How have you been spending the extra hours?

Uncategorized Apr 24, 2020

When was the last time you rang your Grandparents? Or shared a yarn with your next-door neighbour? Maybe you’ve been meaning to connect with a local charity or community project, but whether it’s been work, or study or any number of other events in your life, there’s always been a reason to put it off for later.

When people talk about procrastination, they often refer to examples of school or work, putting off writing a report or studying for an exam. So, often we overlook how the ways we put off strengthening our vital human connections are in fact forms of procrastination. 

So enter the COVID-19 pandemic, and while this time has been fraught with tragedy and anxiety, the silver lining has been that it has given us the more time and reason to connect with our friends, family and community - albeit in new and different ways. So how is it you’ve found time to re-watch the entire 201 episodes of The Office, to complete four different 1000 piece puzzles, and alphabetise your recipe books, but still haven’t called Nanna?

First of all don’t feel bad, you are most definitely not the only one putting these things off. But, if we all know the value of human connection, we know that ticking a task as simple as picking up the phone will make us feel better, why do so many of us continue to put it off?

Many of the theories around procrastination dispute the myth that it’s a character flaw, and that procrastinators are just lazy - they argue that it comes down to the avoidance of negative feelings. When it comes to tasks for work or study, these negative feelings often centre on insecurities about your abilities or a fear of failing. When it comes to social tasks, these negative feelings usually boil down to similar anxieties and fears of rejection. However, while for most procrastinators the fear of not meeting the looming deadline of a task for work or study will often override the fears that had you putting off the task; social tasks without any specific deadlines don’t offer the same motivations. 

So what can you do to avoid the rabbit holes of YouTube, Netflix binges, and colour-coding your bookshelf? 

The first tip is to take a moment to forgive yourself. By reminding yourself that everybody is guilty of procrastination on some level, you can acknowledge and accept your actions in the past, and approach your task without giving into the negative emotions. A little self-compassion and perspective will let you realise that what you’re afraid of is only one possible outcome.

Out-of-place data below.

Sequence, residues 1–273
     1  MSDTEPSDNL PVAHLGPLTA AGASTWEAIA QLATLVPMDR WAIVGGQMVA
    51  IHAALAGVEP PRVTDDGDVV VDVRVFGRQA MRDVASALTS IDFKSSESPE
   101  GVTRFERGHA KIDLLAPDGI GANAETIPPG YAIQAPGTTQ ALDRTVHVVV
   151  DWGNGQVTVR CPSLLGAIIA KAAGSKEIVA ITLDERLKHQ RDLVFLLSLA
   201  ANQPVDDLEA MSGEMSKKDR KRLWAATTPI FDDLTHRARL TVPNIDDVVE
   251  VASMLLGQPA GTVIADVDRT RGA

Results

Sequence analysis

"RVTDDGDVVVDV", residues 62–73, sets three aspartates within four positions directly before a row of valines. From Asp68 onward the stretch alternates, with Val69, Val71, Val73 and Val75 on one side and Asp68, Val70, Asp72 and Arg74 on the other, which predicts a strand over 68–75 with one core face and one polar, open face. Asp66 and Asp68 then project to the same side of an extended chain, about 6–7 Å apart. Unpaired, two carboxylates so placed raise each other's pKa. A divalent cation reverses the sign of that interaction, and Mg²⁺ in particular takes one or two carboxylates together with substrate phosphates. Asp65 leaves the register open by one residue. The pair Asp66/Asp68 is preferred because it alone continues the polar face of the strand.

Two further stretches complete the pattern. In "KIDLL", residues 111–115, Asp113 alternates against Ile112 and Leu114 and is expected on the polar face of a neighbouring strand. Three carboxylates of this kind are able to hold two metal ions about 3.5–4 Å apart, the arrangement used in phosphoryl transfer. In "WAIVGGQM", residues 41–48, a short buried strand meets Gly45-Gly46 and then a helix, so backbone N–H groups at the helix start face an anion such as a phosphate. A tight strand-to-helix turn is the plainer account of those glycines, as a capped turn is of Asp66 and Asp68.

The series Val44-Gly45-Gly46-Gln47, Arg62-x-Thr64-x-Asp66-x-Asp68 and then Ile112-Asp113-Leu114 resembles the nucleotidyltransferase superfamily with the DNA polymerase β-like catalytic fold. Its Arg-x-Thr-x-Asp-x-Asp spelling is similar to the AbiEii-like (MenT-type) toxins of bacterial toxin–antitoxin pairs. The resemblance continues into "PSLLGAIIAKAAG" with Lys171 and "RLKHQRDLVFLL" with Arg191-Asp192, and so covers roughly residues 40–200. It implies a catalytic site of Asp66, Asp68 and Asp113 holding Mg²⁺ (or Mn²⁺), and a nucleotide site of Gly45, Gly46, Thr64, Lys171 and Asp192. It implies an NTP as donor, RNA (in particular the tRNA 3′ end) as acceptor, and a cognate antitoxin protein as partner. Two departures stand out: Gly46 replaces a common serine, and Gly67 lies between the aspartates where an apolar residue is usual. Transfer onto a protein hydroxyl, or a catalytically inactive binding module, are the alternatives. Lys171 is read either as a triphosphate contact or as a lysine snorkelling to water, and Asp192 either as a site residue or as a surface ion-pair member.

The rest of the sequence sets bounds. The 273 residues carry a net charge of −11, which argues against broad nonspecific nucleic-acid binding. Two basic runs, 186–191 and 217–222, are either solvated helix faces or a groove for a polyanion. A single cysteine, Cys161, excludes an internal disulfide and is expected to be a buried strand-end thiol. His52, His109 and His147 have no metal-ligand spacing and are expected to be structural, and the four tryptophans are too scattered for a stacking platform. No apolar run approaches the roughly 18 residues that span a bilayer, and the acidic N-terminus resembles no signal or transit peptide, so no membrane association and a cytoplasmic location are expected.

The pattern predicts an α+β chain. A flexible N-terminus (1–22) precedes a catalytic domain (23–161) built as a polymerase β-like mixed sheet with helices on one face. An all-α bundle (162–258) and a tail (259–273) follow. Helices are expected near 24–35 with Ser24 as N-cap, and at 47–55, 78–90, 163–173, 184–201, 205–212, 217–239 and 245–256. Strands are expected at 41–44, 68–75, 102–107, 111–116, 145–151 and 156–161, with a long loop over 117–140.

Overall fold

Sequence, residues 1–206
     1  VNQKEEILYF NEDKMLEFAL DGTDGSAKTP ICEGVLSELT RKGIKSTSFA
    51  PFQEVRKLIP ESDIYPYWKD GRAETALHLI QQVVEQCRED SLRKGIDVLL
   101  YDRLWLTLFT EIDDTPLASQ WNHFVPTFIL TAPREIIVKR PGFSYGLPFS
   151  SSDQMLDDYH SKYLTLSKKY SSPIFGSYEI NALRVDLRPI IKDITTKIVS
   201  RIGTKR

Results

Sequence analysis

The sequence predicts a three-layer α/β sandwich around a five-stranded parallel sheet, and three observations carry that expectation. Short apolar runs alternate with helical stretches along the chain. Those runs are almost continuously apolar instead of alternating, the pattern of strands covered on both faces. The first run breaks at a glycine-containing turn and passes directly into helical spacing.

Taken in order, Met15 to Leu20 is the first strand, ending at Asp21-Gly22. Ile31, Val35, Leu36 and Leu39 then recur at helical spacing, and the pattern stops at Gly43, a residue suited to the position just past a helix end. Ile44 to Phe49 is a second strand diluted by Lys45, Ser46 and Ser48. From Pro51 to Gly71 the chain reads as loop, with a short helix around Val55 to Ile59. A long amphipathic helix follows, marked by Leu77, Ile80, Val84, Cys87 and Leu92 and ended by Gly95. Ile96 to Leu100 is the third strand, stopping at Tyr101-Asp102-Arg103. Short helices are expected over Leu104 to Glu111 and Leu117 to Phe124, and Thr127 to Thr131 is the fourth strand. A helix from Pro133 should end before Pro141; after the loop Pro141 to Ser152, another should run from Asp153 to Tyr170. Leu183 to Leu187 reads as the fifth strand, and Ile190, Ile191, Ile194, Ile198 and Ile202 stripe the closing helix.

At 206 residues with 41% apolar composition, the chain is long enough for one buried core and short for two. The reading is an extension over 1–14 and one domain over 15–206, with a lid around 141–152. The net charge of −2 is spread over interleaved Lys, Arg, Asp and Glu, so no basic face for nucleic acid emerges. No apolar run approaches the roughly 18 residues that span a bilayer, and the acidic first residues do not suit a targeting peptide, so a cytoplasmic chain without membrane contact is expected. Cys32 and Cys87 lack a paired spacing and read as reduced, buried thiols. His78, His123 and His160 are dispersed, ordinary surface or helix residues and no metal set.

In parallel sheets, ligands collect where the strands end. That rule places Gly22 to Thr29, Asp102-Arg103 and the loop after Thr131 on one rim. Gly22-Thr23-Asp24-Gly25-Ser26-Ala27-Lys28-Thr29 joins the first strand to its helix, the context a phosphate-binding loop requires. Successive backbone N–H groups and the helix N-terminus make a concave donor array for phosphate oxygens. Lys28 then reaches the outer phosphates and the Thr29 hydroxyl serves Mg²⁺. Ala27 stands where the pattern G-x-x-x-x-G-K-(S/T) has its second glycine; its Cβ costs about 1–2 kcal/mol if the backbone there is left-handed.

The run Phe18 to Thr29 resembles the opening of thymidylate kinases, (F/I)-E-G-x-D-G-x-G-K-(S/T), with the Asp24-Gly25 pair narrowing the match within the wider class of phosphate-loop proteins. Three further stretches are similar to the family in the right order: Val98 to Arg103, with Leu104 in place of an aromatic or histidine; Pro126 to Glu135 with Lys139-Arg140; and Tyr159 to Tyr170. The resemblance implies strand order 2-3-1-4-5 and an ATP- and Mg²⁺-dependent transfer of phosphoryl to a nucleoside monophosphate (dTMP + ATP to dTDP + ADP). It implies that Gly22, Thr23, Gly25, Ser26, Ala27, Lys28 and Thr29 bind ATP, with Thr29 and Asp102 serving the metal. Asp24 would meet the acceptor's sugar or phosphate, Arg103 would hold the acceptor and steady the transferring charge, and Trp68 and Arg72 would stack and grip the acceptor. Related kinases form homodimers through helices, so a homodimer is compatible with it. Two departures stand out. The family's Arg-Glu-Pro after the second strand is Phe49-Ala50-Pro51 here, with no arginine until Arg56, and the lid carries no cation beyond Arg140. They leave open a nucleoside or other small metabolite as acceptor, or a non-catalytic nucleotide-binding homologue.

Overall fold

From there the next tip is to focus on the other possible positive outcomes. Psychologists talk about peoples ‘approach’ and ‘avoid’ motives. Your avoid motives are your reasons to not do the task, or to put something else at a higher priority. By avoiding negative feelings, and choosing to laugh at Steve Carell’s ridiculous workplace antics instead, your avoid motives quickly outweigh those urging you to approach. You can reinforce your approach motives through a mental mantra (I love my Nanna!), or maybe a big post-it note or smiling picture of Nanna stuck to the side of your computer can help override your avoid motives. 

And finally, you can further outsmart these avoid motives by planning ahead and removing temptations.  Your avoid motives often push you towards shiny objects of instant gratification and, with a little self-reflection, you can usually come up with the things you know are most likely to distract you. Whether that’s not turning on the TV in the morning and having your coffee with a neighbour instead. Or maybe you can make the call to that charity or community event coordinator before you open your emails or social media accounts. While you’re working on your To Don’t list, put a little extra effort in your To Do list as well. Don’t just write ‘call Nanna’ on the list, put down a time you know she’ll be available, even set an alarm or calendar alert for the time to remind you. 

These social tasks may not have the same tangible results as writing an eight page report, but can hold a world of value not just to you, but to the people you are connecting with as well.

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